References and Further Reading

(1) Wang QP, Browman D, Herzog H, Neely GG., (2018). Non-nutritive sweeteners possess a bacteriostatic effect and alter gut microbiota in mice. PLoS One. 2018;13(7):e0199080. Published 2018 Jul 5. doi:10.1371/journal.pone.0199080

(2) FDA. Has Stevia been approved by FDA to be used as a sweetener?. Accessed 16.Dec.2020.

(3) Shaoli Li, Jinju Geng, Gang Wu, Xingsheng Gao, Yingying Fu, Hongqiang Ren, (2018). Removal of artificial sweeteners and their effects on microbial communities in sequencing batch reactors. Scientific Reports vol 8, Art. no 3399 21 February 2018

(4) Harpaz D et al., (2018). Measuring Artificial Sweeteners Toxicity Using a Bioluminescent Bacterial Panel. Molecules. 2018 Sep 25;23(10). pii: E2454. doi: 10.3390/molecules23102454

(5) Volker Bornemann, Stephen C. Werness, Lauren Buslinger, Susan S. Schiffman, (2018). Intestinal Metabolism and Bioaccumulation of Sucralose In Adipose Tissue In The Rat. Journal of Toxicology and Environmental Health, Part A, 2018; 1 DOI: 10.1080/15287394.2018.1502560

(6) Pepino MY, (2015). Metabolic effects of non-nutritive sweeteners. Physiol Behav. 2015 Dec 1;152(Pt B):450-5. doi: 10.1016/j.physbeh.2015.06.024. Epub 2015 Jun 19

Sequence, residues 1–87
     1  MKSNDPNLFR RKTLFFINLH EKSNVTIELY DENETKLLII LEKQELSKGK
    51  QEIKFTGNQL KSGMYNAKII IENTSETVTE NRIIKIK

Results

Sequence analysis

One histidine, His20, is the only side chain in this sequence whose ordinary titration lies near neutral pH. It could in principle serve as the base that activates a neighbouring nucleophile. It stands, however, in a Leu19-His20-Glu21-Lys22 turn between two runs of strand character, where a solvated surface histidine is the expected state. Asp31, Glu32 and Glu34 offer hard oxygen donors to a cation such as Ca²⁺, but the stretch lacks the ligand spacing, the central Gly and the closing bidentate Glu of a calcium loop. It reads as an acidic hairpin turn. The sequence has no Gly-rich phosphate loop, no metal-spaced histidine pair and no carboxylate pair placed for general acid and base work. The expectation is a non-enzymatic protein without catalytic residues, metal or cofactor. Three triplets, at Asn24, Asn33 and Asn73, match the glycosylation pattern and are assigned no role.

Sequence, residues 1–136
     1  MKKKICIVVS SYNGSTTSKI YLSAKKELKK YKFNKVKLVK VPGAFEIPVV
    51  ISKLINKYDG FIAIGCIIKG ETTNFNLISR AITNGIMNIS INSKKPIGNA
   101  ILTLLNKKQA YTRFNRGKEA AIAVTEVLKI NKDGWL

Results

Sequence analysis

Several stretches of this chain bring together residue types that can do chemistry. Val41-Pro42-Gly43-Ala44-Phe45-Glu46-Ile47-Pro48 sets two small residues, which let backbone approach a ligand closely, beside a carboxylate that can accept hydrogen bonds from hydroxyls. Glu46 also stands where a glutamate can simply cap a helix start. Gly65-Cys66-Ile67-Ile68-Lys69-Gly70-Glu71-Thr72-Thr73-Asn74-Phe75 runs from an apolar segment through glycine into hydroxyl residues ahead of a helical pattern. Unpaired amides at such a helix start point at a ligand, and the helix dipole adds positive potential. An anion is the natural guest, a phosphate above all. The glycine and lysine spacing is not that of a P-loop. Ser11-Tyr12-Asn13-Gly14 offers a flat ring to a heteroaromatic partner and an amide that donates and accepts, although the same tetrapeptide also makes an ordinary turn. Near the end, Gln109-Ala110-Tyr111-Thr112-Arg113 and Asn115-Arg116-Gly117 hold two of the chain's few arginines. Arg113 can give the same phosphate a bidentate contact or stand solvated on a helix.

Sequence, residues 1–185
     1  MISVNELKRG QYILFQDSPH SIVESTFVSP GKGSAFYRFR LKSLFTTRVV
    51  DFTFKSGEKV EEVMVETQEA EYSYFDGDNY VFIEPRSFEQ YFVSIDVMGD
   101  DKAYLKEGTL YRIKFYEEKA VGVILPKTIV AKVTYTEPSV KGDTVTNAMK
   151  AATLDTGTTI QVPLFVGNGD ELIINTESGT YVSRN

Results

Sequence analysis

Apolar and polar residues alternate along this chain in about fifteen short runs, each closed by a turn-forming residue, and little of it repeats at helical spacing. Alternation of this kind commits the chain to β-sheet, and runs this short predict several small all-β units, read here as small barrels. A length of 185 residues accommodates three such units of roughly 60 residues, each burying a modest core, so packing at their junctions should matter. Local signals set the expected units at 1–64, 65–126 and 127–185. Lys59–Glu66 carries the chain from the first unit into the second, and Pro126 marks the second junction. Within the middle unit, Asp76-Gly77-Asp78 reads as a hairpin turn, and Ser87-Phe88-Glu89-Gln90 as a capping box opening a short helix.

(7) Qiao-Ping Wang et al., (2016). Sucralose Promotes Food Intake through NPY and a Neuronal Fasting Response. Cell Metabolism, 2016; 24 (1): 75 DOI: 10.1016/j.cmet.2016.06.010

(8) Abott A., (2014). Sugar substitutes linked to obesity: Artificial sweetener seems to change gut microbiome. Nature. 2014;513:290.

(9) Moriconi, E., Feraco, A., Marzolla, V., Infante, M., Lombardo, M., Fabbri, A., and Caprio, M. (2020). Neuroendocrine and Metabolic Effects of Low-Calorie and Non-Calorie Sweeteners. Frontiers in endocrinology, 11, 444. https://doi.org/10.3389/fendo.2020.00444

(10) FDA. Additional Information about High-Intensity Sweeteners Permitted for Use in Food in the United States. Last Updated: 02/08/2018

(11) Duffy VB, Anderson GH., (1998). Position of the American Dietetic Association: Use of nutritive and nonnutritive sweeteners. J Am Diet Assoc. 1998;98:580-7

About this Article

Artificial Sweeteners make you fat, A. Whittall

©2018 Fit-and-Well.com, 22.Dec.2018. Updated. 16.Dec.2020. https://www.fit-and-well.com/diet-food/artificial-sweeteners-make-you-fat.html

Tags: artificial sweeteners, sugar-substitutes, synthetic sweeteners, weight loss, microbiome.

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Subject: Fit-and-Well.com. The risks of Artificial Sweeteners. Sugar-substitutes are sweet low or zero calorie food additives which entail health risks such as altered microbiome, enhanced appetite, and risk of metabolic disease. Learn about these negative side effects and live a healthier life.